For decades in Texas, it’s been legal to open carry rifles, and as the Dallas News points out, people carrying rifles have been regularly showing up at various recent protests.
When the sniper attack that killed 5 police officers got underway this Thursday at a Black Lives Matter protest in Dallas, many of the people marching were also carrying rifles – about 20 people in “ammo gear and protective equipment and rifles slung over their shoulder,” according to Dallas Mayor Mike Rawlings.
After the shooting broke out, Mark Hughes, who was open-carrying, was immediately named as a suspect when police released a photo of him carrying an AR-15. He was later cleared after turning himself in.
While police are keeping tight-lipped on the effect the armed protesters had on the situation, Mayor Rawlings isn’t holding back.
“It’s logical to say that in a shooting situation, open carry can be detrimental to the safety of individuals,” he said.
From the Dallas News:
Rawlings said Dallas police Chief David Brown told him that people running through the shooting scene with rifles and body armor required officers to track them down and bring them to the police department. Whether that was time that could have been spent trying to find and stop the shooter is something police will have to comment on, Rawlings said.
“When the shooting started, at different angles, [the armed protesters] started running,” Rawlings said, adding that open carry only brings confusion to a shooting scene.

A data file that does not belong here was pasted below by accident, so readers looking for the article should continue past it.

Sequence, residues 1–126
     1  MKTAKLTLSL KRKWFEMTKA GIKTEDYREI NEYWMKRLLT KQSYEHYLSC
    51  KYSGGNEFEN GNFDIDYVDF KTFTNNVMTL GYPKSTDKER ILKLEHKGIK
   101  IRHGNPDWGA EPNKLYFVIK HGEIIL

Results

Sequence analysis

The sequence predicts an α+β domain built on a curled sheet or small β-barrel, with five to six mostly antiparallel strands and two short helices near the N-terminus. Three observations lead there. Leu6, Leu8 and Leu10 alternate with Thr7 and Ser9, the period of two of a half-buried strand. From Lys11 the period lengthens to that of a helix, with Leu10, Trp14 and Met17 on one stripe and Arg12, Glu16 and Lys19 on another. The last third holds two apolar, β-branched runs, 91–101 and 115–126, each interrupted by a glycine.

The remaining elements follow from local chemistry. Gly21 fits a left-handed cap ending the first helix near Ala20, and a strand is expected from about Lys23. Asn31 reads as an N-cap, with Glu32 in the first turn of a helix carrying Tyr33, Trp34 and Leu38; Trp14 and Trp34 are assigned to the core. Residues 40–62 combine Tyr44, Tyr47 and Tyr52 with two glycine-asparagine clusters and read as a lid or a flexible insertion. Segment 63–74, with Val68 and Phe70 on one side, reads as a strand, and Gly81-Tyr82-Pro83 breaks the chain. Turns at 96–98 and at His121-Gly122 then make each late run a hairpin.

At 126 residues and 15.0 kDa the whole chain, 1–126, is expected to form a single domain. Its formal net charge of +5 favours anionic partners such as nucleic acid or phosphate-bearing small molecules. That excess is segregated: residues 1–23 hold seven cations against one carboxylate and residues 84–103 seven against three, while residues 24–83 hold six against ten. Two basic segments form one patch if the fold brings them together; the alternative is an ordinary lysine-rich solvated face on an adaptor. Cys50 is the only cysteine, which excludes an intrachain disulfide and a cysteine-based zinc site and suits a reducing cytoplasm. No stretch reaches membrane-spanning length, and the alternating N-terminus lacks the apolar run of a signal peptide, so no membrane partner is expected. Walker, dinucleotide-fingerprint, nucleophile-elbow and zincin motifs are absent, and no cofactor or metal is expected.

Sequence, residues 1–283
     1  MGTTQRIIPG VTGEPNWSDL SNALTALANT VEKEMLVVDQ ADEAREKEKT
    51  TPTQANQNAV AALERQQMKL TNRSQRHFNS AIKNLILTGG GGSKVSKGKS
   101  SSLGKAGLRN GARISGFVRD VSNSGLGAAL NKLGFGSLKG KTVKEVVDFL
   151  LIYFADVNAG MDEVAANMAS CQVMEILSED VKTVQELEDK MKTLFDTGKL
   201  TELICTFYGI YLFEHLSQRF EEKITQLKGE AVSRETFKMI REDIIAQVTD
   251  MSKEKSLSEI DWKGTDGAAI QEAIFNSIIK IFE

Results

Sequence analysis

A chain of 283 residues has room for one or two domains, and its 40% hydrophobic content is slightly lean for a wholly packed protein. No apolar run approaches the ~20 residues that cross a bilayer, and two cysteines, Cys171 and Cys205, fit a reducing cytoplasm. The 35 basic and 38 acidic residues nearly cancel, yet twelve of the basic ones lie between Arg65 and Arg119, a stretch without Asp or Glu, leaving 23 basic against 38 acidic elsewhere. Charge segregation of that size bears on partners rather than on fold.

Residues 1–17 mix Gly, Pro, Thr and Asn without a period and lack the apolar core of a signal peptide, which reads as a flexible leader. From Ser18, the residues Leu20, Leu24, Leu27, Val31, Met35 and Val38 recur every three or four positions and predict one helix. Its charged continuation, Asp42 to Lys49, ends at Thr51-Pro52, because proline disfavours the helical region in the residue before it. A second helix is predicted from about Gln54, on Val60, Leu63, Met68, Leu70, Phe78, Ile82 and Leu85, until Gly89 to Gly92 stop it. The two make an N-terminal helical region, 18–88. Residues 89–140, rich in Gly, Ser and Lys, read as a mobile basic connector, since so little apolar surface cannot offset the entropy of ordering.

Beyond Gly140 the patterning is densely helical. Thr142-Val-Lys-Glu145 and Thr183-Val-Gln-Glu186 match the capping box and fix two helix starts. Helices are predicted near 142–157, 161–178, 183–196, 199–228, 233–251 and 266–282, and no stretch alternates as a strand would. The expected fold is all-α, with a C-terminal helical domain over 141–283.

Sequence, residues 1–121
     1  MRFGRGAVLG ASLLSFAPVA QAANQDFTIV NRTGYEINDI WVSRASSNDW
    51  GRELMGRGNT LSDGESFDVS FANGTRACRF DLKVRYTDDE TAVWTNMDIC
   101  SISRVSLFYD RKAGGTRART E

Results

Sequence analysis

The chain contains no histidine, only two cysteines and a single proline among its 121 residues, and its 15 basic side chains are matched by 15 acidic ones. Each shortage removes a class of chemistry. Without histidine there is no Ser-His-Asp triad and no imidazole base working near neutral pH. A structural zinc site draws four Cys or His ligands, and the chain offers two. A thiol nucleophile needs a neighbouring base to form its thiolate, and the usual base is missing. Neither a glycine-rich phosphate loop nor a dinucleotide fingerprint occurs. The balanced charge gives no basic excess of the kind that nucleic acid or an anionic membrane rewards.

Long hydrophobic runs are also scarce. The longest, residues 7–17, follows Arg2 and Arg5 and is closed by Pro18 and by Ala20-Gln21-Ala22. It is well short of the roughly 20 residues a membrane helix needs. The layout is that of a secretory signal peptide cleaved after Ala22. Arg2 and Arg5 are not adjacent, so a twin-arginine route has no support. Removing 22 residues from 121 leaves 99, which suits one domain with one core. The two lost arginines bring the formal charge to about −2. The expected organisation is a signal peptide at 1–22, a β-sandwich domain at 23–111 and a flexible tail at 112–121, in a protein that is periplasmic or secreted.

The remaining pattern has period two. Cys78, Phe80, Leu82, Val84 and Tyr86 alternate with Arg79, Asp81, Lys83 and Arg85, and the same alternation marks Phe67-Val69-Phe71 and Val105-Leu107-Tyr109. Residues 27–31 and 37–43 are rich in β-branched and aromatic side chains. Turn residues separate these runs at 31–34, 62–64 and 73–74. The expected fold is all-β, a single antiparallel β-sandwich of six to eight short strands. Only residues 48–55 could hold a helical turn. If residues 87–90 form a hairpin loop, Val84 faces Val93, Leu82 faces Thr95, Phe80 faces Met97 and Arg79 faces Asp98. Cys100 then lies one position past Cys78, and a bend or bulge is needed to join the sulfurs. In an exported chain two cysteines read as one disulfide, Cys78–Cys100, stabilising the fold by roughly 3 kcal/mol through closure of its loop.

— The Hill (@thehill) July 10, 2016
“What I would do is look for the people with guns,” he said.
Dallas Police Major Max Geron backed up Rawlings’ statements, saying there was a “challenge of sorting out witnesses from potential suspects.”
“Texas is an open carry state, and there were a number of armed demonstrators taking part,” Geron wrote on a law enforcement website, according to the Dallas News. “There was confusion on the radio about the description of the suspects and whether or not one or more was in custody.”
Law enforcement organizations such as the Dallas Police Association have generally opposed the state’s new open carry law regarding handguns, which went into effect this year.
Senior Sgt. Chris Dyer, president of the Dallas County Sheriff’s Association, said large cities like Dallas should pass ordinances that would ban the open carry of firearms during large events like protest marches.
In an MSNBC interview this Saturday, Texas Attorney General Ken Paxton rejected concerns about Texas’ open carry laws.
“It’s designed to protect law-abiding citizens,” Paxton said. “It’s working just fine.”
— AJ+ (@ajplus) July 9, 2016
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